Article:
AMAG’s SMART Operations platform works by using the continuous video feed from existing infrastructure (think street and traffic lights), or adding additional High Definition Cameras with High Dynamic Range (HDR) coupled with real-time algorithms and edge enabled technology. This transportation analytics enables constant monitoring of crashes, traffic conflicts, road user flows, violations and speeds.


Using highly configurable scenarios (commonly referred to as alerts under event or incident based detection), the platform produces alerts when a transport network location undergoes a significant change from baseline operations. The platform also takes into consideration the natural fluctuations by time of day and season.


When a safety or operations deterioration is detected, the SMART Operations product issues alerts prompting the road user agencies to inspect site operations, dispatch emergency response units in case of a collision, and/or conduct a deep dive diagnostic analysis through the SMART Safety Product utility of the AMAG SMART platform for long-term safety benefits.


SMART Operations is constantly monitoring not only events but also collecting and analyzing information critical for transport planning. The metrics produced from the platform under traffic engineering terminology is referred to as a continuous base case assessment. Here, the platform provides at a site level within a network the level of service, delay, queues, degree of saturation and lane utilization; critical metrics that inform development interventions required for improved traffic operations.

Traffic Management Center Improvements

Current practice at Traffic Management Centers (TMCs) requires traffic professionals to manually monitor traffic operations on selected corridors through networks of cameras, with certain traffic feeds triggering alerts. These monitoring activities would be greatly enhanced by applying automated video analytics to monitor traffic conflicts and other risk-related metrics (e.g. speeding, violations). Using this video analytics for continuous risk monitoring would enable the monitoring of traffic risks and risk trends, so that unacceptable and incident-induced congestion could also be avoided. Improved management of Variable Speed Limits and reduced dispatching of emergency vehicles to incidents would be expected as a result.


AMAG’s SMART Operations is designed to achieve these objectives. It continuously measures numerous risk-related metrics, including flows, speeds, violations and traffic conflicts. It compares current risk with historic risk to inform current operations and alert operations managers. Moreover, the platform is designed to be scalable, meaning that it can efficiently manage many locations or traffic corridors.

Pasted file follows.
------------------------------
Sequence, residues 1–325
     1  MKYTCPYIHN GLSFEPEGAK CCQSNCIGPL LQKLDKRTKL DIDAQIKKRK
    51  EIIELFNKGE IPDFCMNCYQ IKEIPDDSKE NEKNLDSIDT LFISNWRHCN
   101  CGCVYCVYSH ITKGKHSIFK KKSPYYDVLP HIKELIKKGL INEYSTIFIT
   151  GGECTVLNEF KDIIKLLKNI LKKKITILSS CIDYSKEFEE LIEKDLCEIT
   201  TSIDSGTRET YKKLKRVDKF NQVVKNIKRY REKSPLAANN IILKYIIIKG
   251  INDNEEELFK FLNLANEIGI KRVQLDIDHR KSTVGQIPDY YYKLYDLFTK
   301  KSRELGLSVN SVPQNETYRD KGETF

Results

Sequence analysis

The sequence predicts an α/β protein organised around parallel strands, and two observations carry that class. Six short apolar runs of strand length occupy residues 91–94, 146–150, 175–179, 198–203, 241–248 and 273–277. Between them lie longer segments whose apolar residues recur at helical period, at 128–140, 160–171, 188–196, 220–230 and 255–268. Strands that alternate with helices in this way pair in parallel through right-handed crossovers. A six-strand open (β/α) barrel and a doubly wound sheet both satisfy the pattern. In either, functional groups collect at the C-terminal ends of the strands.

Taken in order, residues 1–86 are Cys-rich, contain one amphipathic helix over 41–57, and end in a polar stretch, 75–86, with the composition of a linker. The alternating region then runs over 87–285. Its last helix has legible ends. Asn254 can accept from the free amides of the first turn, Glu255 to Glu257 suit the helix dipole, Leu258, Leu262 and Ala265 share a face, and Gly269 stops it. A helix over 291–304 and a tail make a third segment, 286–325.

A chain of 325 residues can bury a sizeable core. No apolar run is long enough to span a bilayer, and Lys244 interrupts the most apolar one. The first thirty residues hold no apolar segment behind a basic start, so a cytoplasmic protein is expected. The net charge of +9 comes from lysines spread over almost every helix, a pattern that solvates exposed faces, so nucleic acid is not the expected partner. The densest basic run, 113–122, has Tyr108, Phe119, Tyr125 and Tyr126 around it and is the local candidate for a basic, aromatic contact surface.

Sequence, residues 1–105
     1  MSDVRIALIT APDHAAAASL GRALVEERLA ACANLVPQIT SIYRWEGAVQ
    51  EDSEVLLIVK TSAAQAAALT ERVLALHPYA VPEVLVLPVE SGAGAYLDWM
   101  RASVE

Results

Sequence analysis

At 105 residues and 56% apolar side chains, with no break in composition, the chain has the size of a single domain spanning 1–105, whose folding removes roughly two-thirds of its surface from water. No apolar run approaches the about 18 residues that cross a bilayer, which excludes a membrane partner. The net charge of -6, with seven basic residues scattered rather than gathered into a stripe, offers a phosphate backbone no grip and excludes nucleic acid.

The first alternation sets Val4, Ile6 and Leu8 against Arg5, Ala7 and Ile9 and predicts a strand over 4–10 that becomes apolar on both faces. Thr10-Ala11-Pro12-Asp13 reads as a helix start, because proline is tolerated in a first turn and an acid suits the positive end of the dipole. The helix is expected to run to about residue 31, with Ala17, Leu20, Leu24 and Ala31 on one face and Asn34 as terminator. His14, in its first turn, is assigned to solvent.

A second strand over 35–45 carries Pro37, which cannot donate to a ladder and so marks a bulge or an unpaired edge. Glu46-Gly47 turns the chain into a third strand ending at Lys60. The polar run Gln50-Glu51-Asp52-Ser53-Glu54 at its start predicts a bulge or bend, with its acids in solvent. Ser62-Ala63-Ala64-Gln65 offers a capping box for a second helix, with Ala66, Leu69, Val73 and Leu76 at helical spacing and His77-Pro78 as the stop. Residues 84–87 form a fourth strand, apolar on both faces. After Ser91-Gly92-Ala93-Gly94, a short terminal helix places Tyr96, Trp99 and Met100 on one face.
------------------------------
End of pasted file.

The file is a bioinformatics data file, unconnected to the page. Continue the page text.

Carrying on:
Video and Transportation Analytics

A significant advantage of video analytics is collecting traffic violations data, which are notoriously difficult to collect. The predictive capabilities of AI-based systems enable monitoring of exceptional road user behaviors as well.


For example, a video-based advanced intersection management system can continuously monitor the speed and acceleration profiles of dilemma zone vehicles during amber phases to predict their red-light-running likelihood. If a vehicle is predicted not to clear an intersection by the start of the next phase, an alert can be issued to the traffic controller to extend the all-red phase to allow its safe passage through the intersection.


Only video-based monitoring can monitor pedestrian spatial and temporal violations at pedestrian crossings and wrong-way bicycle riding in an automated fashion. Often these violations are indicative of operational or road user issues that may require targeted treatment.

Video and Predictive Analytics: A Solution for Road Safety and Transportation Operations

Combining computer vision and predictive analytics will accelerate our readiness for the deployment of advanced technologies like Adaptive Traffic Signal Safety Systems, connected vehicles and self-driving vehicles. Since such technologies are poised to improve both the safety and efficiency of traffic operations significantly, widespread adoption of automated video-based traffic management systems can revolutionize the way we manage transport networks and, ultimately, bridges the gap between road safety and traffic operations.

[1] Stevanovic, A., Stevanovic, J. and Kergaye, C. 2013. Optimization of traffic signal timings based on surrogate measures of safety. Transportation Research Part C: Emerging Technologies, 32, 159-178.


[3] Tageldin, A., Sayed, T., Zaki, M. H., & Azab, M. (2014). A safety evaluation of an Adaptive Traffic Signal Control system using Computer Vision. Advances in transportation studies.